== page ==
The big reason I ended up flying half way across the earth to visit Uganda is that I had a close friend living there as a volunteer and is ingrained in the culture. Marcy knows her way around, and was part of a community. I know through experience that this is by far the best way to get to know a place on in a short time frame.
The part of this adventure that left the biggest impression on me was meeting all of Marcy’s friends, co-workers, fellow PCVs, and living temporarily in a small village in East Africa. I felt as though most people visiting this part of the world end up in hotels that put up walls, and shield visitors from the gritty local scene, and then go on a game drive in a big Land Rover and, if they’re lucky stop in a small town to buy trinkets. It’s a tourist way of being in a place, and is something I will always try and avoid.
Marcy has some awesome friends. All of the PCVs I met were great. Its funny how some people and personality types are drawn to similar things. Since her group of 50 are there to support one another through the “roller coaster ride” of PC, many of them bonded quickly, so most times it’s like you’re with old friends. Each and everyplace I went with Mar to visit another volunteer was a real treat, as we got to meet their Ugandan friends, and be apart of their community for a bit. It was always fun to have questions asked about what America was like, and amusing to hear the preconceived notions of our country.
In Soroti, at St. Francis School For The Blind, I had a chance to meet all the sisters that ran the school, along with several teachers and support staff. Mar has become very close to several of her co-workers and we ended up hanging out with them at their homes. Each one cooked us dinner. Once again, even though we are visibly very different people, I felt as though we could have been with old friends. Marcy has said that, her Ugandan friends have had a huge impact on her persevering through the two years of service.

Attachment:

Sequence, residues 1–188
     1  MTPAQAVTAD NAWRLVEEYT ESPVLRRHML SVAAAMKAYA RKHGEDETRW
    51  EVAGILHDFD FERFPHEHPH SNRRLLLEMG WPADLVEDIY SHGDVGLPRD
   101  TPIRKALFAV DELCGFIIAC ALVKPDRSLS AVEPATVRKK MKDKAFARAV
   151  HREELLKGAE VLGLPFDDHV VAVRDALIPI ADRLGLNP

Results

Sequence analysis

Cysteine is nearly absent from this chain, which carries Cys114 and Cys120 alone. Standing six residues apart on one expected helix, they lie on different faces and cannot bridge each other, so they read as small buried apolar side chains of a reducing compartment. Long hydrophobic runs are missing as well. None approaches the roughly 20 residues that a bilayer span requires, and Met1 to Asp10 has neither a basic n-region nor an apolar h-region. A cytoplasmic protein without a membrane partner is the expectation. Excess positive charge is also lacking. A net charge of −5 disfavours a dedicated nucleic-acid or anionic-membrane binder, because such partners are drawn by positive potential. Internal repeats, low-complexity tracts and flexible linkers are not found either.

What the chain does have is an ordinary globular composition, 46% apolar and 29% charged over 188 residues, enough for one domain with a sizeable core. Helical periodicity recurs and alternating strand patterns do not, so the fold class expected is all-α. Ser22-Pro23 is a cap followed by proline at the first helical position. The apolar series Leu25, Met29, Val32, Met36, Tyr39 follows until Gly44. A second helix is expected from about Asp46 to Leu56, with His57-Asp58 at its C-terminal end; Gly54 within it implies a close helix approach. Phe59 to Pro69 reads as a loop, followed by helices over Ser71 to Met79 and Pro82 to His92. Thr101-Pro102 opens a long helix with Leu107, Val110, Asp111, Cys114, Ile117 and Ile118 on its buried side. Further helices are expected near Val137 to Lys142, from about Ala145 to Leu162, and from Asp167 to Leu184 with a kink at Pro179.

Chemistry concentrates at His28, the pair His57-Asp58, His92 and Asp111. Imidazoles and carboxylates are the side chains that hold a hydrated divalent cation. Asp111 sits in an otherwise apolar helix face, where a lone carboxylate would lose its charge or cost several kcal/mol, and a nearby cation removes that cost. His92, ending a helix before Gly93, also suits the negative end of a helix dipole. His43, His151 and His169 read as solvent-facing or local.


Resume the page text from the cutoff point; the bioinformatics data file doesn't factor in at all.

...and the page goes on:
Two of Marcy’s closest friends on the school compound are Winnie and Magdalene, both staff members of St. Francis. One night we had dinner with Winnie. We visited Magdalene and her three year old, super-rad son Melvin several evenings. Melvin, after a full day of nursery school was usually asleep in bed, luckily he can sleep through anything! We had a mini-party and drank Ajon (a type of alcohol brew that I will explain later) one night, Melvin slept through it all.
The Sisters were extremely busy the month I was there, preparing for a countrywide sports competition for the visually impaired; St. Francis Secondary School was hosting the event. It wasn’t until the very end of the visit that I had a chance to sit and have a dinner with the Sisters. However, throughout the month I would meet each Sister individually in passing. The head teacher (principal) is Sister Winifred. She is a full on go-getter. She put in solid 15 hour days while I was there, and shows mass amounts of passion for her work. She has this great, “no bullshit, right to the point” way about her. This is rare in Uganda, as the culture tends to lend itself to beating around the bush, and an hour of small talk before getting to any point.
Sister Kevin is this wonderfully jolly woman. She has actually spent a fair amount of time in the US, at seminary, and is always smiling.